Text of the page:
There is a checkbox to enable double opt-in, so that the donor receives an email to confirm that they would like to sign up to receive your newsletter, but it's commonly assumed that by checking the "Sign me up" checkbox, your donor has consented to receiving your newsletter.

At the very bottom of the MailChimp settings tab for the form is a checkbox labeled "Conditional Logic." Check this box to show the conditional configuration options. We're going to change the conditions so that the MailChimp integration only sends the email address to MailChimp when a box is checked.

a gif showing how to change the conditional logic works
Choose the field name from the left box, the "is" equivalency option from the middle box, and the text of the checkbox from the right box.

Setting up styles for forms

The forms that you've set up above will work as-is, but they're not particularly pretty. Gravity Forms' form HTML is complex and contains some weird opinions. The stylesheets that Gravity Forms includes are similar: weirdly scoped, curiously specific, and often a bit perplexing.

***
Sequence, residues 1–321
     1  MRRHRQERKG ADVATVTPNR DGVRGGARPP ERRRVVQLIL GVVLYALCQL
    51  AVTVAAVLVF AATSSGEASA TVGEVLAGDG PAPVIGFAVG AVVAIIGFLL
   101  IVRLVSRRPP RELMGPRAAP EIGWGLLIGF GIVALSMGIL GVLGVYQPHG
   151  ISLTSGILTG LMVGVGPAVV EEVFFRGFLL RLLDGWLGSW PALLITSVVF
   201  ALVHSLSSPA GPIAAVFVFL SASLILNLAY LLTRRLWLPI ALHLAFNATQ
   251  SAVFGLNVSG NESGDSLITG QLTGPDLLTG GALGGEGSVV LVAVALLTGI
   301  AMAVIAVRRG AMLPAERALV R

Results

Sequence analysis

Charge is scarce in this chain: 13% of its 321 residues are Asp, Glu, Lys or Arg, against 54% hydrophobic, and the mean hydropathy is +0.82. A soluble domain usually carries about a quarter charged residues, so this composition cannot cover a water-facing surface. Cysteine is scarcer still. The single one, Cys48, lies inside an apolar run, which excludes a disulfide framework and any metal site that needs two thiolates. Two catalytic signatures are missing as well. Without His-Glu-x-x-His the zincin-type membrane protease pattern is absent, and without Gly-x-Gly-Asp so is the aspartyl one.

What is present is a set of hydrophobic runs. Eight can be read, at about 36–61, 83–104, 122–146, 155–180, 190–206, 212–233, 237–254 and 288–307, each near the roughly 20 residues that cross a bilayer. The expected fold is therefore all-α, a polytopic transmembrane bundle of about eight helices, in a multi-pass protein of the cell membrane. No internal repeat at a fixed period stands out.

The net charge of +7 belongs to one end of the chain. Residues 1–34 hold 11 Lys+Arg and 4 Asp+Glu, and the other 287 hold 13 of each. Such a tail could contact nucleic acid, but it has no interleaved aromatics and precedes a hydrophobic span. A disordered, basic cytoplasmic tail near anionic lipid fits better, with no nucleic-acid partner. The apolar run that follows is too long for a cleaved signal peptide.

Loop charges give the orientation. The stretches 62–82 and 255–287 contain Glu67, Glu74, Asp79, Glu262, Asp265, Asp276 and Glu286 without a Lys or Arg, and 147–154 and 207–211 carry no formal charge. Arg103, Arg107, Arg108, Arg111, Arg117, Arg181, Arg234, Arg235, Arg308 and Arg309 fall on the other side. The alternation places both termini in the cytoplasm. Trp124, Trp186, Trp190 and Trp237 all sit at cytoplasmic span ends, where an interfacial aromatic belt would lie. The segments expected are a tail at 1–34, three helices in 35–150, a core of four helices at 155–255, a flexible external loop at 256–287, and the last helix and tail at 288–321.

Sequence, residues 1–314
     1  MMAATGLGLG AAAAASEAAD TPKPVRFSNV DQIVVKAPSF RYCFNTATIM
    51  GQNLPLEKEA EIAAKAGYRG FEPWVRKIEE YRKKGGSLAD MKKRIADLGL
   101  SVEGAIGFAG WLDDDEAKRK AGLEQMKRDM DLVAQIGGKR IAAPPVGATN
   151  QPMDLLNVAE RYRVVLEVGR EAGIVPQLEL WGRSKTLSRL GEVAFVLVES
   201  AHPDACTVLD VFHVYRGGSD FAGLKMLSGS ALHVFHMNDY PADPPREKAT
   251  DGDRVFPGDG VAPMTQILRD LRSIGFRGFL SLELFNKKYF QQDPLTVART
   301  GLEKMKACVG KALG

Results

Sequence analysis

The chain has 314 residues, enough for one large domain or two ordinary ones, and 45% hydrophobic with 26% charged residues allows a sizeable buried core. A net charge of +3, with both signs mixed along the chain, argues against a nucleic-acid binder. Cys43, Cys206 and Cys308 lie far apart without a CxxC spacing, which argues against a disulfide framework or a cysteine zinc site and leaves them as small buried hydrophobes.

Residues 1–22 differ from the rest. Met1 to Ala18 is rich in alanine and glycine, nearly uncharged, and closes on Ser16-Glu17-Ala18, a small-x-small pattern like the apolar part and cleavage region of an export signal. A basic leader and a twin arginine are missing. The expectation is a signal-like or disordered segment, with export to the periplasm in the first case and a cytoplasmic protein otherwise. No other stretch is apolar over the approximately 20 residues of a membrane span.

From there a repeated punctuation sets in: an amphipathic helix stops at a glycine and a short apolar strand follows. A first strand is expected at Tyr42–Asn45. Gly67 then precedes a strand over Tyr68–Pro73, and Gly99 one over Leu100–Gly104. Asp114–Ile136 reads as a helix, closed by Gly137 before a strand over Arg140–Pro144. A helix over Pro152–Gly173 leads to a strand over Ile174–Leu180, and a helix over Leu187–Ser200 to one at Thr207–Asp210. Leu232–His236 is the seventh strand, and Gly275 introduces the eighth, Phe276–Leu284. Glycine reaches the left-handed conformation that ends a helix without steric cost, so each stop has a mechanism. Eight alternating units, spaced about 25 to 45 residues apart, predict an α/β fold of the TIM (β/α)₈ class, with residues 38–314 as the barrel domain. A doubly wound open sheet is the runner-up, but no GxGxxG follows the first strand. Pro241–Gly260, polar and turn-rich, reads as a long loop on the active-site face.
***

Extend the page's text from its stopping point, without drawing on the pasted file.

There are several ways to dequeue Gravity Forms' default styles; Zack Katz has an excellent blog post detailing the ways to dequeue them.

However, because Gravity Forms' styles are at least partially useful, we keep them enqueued and modify them. Here's the modifications we make:

These example styles are scoped to the form IDs and they also depend on a wrapper class that can be added to your form settings but they may not be immediately applicable to your form if the form ID or CSS class is different. We hope that these are at least useful as a starting point.

Good luck!

We hope this was a helpful introduction on how to setup donation forms using WordPress, Gravity Forms, MailChimp and Stripe.

Again, if you found all of that overwhelming and would like to hire us to help, just reach out and we'd be happy to help get you up and running!

Announcing Largo 0.5.5

We're excited to announce the latest release of Largo, our WordPress framework for news websites.